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Storm Hunters in Tornado Alley

Lisa Varano, staff writer

July 26, 2010 — Mark Robinson is the Storm Hunter. You met him on The Weather Network in the spring. Now, he's back.

Funnel cloud spotted by Mark Robinson
Funnel cloud spotted by Mark Robinson

Mark Robinson, a meteorologist at The Weather Network, has been chasing storms for 10 years. We've got the exciting footage this Storm Hunter shot in Tornado Alley in May.

To give you a sneak peek, Mark answered these questions about his passion for severe weather.

What can we expect from you this time?

I think we had five tornadoes and this incredible hailstorm -- probably one of the best hailstorms I've ever seen in my life -- just outside of Oklahoma City. It was just absolutely one of the best years I've ever had.

How did you get into storm hunting?

As a kid, I was terrified of thunderstorms. They would crop up, and I would go hide under my bed. Until one year, when I was much younger, we saw an incredible thunderstorm from the safety of the Toronto Zoo. We were actually in one of the pavilions underground, and we were able to watch this whole storm go by. It just absolutely fascinated me. Finally, in 2000, I found out that you can actually go storm chasing in southern Ontario.

Mark Robinson and his team chasing storms
Mark Robinson and his team chasing storms

Why do you run towards the storm when most people are running away from it?

That reminds me of every time I go into a hurricane. There are two million cars headed north and three cars headed south -- and one of those is me.

It's something I live for. It's just an amazing feeling to be up close to these titanic storms -- be they thunderstorms or hurricanes -- and to be able to see Mother Nature at her most beautiful, and her most deadly.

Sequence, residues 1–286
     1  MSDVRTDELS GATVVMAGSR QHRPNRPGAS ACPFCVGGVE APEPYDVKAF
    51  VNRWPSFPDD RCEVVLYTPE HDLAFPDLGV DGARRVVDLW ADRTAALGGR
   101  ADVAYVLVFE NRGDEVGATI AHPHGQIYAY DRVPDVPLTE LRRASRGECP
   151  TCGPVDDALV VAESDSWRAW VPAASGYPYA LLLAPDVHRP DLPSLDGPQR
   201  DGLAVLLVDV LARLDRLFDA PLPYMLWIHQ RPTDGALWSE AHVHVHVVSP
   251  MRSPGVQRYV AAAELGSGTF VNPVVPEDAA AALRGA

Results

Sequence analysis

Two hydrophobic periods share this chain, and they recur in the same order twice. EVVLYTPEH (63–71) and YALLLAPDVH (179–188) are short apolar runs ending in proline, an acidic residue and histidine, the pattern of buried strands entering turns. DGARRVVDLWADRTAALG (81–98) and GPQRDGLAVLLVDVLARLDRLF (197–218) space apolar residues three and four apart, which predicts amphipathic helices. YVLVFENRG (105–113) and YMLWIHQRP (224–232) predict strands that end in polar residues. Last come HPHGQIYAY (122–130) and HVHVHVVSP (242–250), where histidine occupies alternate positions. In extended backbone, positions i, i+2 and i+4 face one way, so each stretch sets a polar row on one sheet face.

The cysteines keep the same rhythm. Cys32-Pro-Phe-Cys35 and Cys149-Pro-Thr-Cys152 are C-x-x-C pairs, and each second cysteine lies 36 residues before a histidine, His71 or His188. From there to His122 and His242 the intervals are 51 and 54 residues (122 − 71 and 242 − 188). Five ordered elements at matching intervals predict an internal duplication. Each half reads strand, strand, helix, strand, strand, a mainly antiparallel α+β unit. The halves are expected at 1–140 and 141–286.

When I stood there in the Great Plains this year and saw one of the most incredibly structured storms I've seen in my life -- and you actually get to see this storm in the Storm Hunters episodes -- it was just absolutely humbling and awe-inspiring to see this thing as it slowly spun in the air above us. This thing is probably the size of Mount Everest, or maybe even twice as big as Mount Everest, and you could see it rotating. It was this incredible wind sculpture in the sky. It's there one minute, and gone the next.

What does your wife say when you say: I'm going to chase a tornado or a hurricane?

She's been out on a few tornado chases with me, actually. She loves it because, being an artist, she loves to see the incredible drama of the storms and how beautiful they are. And they've actually inspired her to do a few pieces. But she hasn't come on a hurricane chase yet.

What advice do you have for people who are interested in storm hunting?

Go on a tour group before you try to do it yourself. It took me years of learning to do this. It can be incredibly dangerous if you don't know what you're doing.

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